An essential part of biblical exegesis revolves around putting oneself in the place of the sacred author's original readers. We must remember that we're "reading someone else's mail."

This is especially true when we hear Sunday's three readings, in particular, the Gospel.

Almost everyone longs for peace. Only the most demented want war, and the insecurity and suffering it brings. Presuming this, our sacred authors have just one question: "How do we achieve peace?"

Seeking peace

Though scholars can't pinpoint the exact period in which the prophet Zechariah is active, it's clear he and his people have recently come out of a time of pain and turmoil. He wants to make certain they'll never have such an experience again (Zech 9: 9-10).

The prophet's only hope is that Yahweh will send an ideal king: someone who will ride not a horse (a weapon of war), but a harmless donkey; a person who will actually "banish the chariot from Ephraim,...the horse from Jerusalem, (and even) the warrior's bow." This special leader will finally be the one who will "proclaim peace to the nations."

Great sentiments! But there's one problem: Zechariah isn't clear about when this king and his peace are going to arrive. The people simply are to pray, trusting that Yahweh will send him soon.

Here He is

On that point, Zechariah's audience differs greatly from Paul and Matthew's. As followers of Jesus, they believe the ideal leader not only has arrived, but that He's already set in motion a process by which peace can be achieved.

According to Paul, the first step in accomplishing peace is for individuals to become one with the risen Jesus (Rom 8: 9, 11-13). As he writes to the Christian community in Rome, "If the Spirit of Him who raised Jesus from the dead dwells in you, then He who raised Christ from the dead will bring your mortal bodies to life also through His Spirit dwelling you."

Of course, everyone presumes this new "life" will be a peaceful life.

Yet, Paul and all Jesus' early followers are convinced this ideal state isn't going to happen without our participation. We're not just spectators, sitting in the stands and cheering for our hero. We're the ones actually creating peace around us -- by no longer living "according to the flesh."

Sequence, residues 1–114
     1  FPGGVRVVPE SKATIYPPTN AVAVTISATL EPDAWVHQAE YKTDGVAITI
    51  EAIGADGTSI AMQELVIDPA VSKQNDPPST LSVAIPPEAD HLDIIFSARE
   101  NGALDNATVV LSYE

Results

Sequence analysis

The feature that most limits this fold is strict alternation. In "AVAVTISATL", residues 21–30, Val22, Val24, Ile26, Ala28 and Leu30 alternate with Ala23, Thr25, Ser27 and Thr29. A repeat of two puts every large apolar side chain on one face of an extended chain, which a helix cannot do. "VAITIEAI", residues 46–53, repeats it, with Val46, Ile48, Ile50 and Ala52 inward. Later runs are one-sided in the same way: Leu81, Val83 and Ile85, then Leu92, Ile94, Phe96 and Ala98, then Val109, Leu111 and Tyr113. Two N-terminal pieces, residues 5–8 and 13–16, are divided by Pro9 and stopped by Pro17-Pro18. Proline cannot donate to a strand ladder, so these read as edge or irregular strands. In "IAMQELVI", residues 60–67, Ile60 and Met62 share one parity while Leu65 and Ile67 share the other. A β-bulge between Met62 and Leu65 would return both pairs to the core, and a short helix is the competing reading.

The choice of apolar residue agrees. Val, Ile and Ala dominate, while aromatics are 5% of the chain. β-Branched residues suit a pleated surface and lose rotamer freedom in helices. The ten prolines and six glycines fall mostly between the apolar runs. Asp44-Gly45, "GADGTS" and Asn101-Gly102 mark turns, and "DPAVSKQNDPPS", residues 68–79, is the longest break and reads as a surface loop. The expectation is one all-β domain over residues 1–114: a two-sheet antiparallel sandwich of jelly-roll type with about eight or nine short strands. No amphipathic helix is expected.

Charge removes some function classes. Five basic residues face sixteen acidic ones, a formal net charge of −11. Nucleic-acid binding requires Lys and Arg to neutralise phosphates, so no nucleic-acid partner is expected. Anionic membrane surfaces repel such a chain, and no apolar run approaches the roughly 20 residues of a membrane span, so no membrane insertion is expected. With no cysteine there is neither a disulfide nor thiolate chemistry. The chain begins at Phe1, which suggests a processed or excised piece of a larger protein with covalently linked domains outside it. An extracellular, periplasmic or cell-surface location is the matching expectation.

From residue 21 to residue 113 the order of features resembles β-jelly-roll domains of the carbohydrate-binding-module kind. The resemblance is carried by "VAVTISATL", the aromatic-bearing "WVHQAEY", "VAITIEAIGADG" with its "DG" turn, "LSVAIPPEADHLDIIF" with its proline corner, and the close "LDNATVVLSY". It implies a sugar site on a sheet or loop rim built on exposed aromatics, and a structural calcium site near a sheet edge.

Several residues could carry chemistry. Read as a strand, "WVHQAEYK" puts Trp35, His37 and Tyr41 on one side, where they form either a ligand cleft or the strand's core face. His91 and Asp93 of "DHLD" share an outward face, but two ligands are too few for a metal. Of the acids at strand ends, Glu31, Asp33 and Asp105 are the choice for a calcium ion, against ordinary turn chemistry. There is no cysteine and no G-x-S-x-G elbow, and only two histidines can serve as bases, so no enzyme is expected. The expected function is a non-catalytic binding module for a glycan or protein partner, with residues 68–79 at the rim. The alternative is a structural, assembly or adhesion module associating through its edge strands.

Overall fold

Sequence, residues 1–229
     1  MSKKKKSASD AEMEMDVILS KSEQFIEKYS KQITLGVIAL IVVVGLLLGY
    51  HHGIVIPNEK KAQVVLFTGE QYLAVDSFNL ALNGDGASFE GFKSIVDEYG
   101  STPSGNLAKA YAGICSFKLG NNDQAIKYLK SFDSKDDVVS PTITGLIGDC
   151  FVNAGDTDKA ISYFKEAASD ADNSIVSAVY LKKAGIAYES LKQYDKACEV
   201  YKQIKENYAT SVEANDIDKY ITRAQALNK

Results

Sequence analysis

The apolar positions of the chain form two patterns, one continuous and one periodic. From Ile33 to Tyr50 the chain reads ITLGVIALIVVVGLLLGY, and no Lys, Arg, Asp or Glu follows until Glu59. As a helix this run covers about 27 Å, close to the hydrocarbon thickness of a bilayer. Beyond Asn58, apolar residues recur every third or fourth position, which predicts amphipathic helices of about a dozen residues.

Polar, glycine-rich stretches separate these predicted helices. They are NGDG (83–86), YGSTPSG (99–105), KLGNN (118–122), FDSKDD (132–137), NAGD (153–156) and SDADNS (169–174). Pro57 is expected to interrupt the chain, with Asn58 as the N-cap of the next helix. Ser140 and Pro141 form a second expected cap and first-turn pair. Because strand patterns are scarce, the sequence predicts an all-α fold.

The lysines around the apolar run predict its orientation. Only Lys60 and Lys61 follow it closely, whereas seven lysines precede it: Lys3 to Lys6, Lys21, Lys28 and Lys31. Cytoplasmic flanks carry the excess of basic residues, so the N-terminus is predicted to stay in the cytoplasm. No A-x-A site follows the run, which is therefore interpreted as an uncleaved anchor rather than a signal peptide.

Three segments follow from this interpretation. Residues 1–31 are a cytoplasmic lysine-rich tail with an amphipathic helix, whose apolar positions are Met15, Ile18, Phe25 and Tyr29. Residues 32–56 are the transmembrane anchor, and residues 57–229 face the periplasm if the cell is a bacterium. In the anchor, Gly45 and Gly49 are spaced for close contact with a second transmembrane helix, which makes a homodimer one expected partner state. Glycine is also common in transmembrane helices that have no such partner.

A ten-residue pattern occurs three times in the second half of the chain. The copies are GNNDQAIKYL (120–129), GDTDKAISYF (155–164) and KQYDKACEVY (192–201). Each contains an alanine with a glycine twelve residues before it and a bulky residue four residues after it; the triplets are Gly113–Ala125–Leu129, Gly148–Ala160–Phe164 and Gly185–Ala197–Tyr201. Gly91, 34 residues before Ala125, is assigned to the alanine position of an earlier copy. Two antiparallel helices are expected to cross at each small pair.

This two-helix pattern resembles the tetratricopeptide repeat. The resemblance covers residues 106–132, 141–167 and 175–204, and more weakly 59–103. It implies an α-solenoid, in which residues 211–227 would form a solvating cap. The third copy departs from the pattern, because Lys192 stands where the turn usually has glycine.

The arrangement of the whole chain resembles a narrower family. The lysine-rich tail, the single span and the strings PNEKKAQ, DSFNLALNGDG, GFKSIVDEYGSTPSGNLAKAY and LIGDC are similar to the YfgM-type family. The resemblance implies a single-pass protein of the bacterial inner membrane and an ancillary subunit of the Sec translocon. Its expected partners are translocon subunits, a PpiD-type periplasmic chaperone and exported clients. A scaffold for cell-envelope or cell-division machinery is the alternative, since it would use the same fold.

"If you live according to the flesh," Paul writes, "you will die; but if by the spirit you put to death the evil deeds of the body, you will live."

In Paul's letter to the Galatians, those who are one with Jesus are one with the risen, not the historical Jesus. They're a completely "new creation." Just as the risen Jesus isn't slave or free, Jew or Greek, male or female, so the Christian -- the other Christ -- isn't held back by the limits of the "old creation." We're even liberated from the fleshy tactics of revenge, conflict and war.

Just war?

Through the centuries, Christians compromised the faith of Jesus. Giving into the "demands" of the flesh, they actually developed a list of conditions which permitted them to wage a "just" war.

The community for which Matthew writes knows nothing of this compromise. They really believe they're to be people of total peace (Mt 11: 25-30).

Whenever I teach about the early Church's pacifist position, some always object. "It can't be lived," they claim. "A community that won;t take revenge won't exist for long."

Yet it's precisely for Christian pacifists that Matthew quotes Jesus' consoling words, "Come to me, all you who are weary and find life burdensome, and I will refresh you. Take my yoke upon your shoulders and learn from me."

Maybe we modern Christians just don't have the same frame of mind as those to whom they were originally directed.